Kimberly P. Yow

Kimberly P. Yow

Hi there! I'm Kimberly Yow, a passionate journalist with a deep love for alternative rock. Combining my two passions, I've found my dream job. Join me on this exciting journey as I explore the world of journalism and rock music.

Donald Trump’s older sister Maryanne Trump Barry dead at 86, NYPD confirms

Share on facebook
Facebook
Share on google
Google+
Share on twitter
Twitter
Share on linkedin
LinkedIn

Maryanne Trump Barry, the older sister of former President Donald Trump, has died Monday at the age of 86, the New York City Police Department has confirmed to Fox News.

Barry was a former federal appellate judge who retired in April 2019, according to the New York Times.

In 2016, Trump called his sister a “highly respected judge” while noting they disagree on public policy issues.

Four years later, Trump dismissed secret audio recordings released of Barry saying he had “no principles” and was “cruel.”

TRUMP DISMISSES SECRET AUDIO OF SISTER CALLING HIM ‘CRUEL’: ‘WHO CARES?’

“Every day it’s something else, who cares?” Trump said in a statement at the time, according to the Washington Post.

The Post’s story about the recordings appeared one day after the White House hosted a private memorial service for Robert Trump, the president’s younger brother, who died Aug. 15, 2020, at age 71.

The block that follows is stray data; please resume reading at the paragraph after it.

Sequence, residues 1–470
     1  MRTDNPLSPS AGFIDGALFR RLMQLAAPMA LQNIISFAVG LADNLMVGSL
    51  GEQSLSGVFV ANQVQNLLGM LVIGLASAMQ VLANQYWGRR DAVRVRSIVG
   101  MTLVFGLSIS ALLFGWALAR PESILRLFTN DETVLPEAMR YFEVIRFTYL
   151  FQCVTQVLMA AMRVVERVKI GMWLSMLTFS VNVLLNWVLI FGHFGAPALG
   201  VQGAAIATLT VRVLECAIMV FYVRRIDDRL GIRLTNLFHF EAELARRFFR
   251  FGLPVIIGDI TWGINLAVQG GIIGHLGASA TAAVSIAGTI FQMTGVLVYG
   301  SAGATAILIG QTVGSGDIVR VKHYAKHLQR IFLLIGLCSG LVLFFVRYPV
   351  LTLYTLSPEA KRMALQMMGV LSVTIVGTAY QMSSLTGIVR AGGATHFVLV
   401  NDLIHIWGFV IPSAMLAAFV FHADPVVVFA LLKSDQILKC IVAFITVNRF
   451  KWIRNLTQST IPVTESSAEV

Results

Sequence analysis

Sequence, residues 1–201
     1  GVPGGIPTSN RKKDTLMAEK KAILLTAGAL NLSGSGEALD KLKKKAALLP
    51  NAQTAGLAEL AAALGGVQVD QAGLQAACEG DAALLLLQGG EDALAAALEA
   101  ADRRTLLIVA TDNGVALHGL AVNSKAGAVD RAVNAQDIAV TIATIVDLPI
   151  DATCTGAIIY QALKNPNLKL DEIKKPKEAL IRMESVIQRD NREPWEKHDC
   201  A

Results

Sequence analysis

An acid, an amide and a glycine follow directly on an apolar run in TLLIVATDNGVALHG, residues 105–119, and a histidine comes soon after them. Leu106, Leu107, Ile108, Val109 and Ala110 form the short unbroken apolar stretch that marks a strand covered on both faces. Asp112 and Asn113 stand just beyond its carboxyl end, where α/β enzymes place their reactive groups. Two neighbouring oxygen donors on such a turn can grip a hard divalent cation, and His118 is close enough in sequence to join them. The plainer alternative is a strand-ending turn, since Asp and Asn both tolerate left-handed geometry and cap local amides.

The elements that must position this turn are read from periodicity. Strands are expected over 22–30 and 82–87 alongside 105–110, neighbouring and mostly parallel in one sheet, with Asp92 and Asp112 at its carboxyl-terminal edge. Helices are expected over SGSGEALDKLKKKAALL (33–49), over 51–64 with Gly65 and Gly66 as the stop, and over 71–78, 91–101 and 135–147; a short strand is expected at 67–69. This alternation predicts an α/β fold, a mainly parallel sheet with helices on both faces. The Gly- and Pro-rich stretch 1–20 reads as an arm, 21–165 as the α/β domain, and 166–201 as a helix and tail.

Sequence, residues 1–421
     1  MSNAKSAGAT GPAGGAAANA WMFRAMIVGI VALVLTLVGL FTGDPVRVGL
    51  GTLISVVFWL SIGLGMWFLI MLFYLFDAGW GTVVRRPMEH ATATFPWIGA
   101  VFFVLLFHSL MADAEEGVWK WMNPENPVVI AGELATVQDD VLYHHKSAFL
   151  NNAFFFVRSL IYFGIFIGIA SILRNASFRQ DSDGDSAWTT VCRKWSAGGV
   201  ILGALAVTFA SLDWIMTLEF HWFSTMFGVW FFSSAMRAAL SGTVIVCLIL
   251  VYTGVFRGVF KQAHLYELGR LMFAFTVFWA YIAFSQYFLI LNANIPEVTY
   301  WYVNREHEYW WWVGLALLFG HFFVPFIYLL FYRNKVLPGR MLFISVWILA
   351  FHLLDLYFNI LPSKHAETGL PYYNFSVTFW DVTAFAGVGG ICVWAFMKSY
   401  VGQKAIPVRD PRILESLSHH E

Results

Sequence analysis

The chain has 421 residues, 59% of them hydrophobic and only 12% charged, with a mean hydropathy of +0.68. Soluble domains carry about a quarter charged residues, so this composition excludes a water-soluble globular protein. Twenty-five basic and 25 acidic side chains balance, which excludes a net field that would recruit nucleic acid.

The recordings of Barry were made by Trump’s niece, Mary Trump, who published a scathing tell-all book on the president and their family.

“Donald is cruel,” Barry told her niece in the secretly recorded conversation in 2018.

TRUMP ATTORNEY SOUNDS ALARM ON NEW YORK ATTORNEY GENERAL LETITIA JAMES AMID CIVIL FRAUD CASE

“All he wants to do is appeal to his base. He has no principles. None. None. And his base, I mean my God, if you were a religious person, you want to help people. Not do this,” she allegedly said in the recording published by the Post, referring to the Trump administrations’s so-called zero-tolerance policy at the U.S.-Mexico border that led to children being separated from their parents amid immigration court hearings. The policy was later rescinded.

During her legal career, Barry worked as a federal prosecutor before being nominated by then-President Ronald Reagan to the Federal District Court in New Jersey in 1983, the New York Times reports.

In 1999, then-President Bill Clinton appointed her to the United States Court of Appeals for the Third Circuit, the newspaper added.

Shortly after Trump was sworn in as president in 2017, Barry then told that court she would stop hearing cases, according to the New York Times.

Fox News’ Brie Stimson contributed to this report.

More to explorer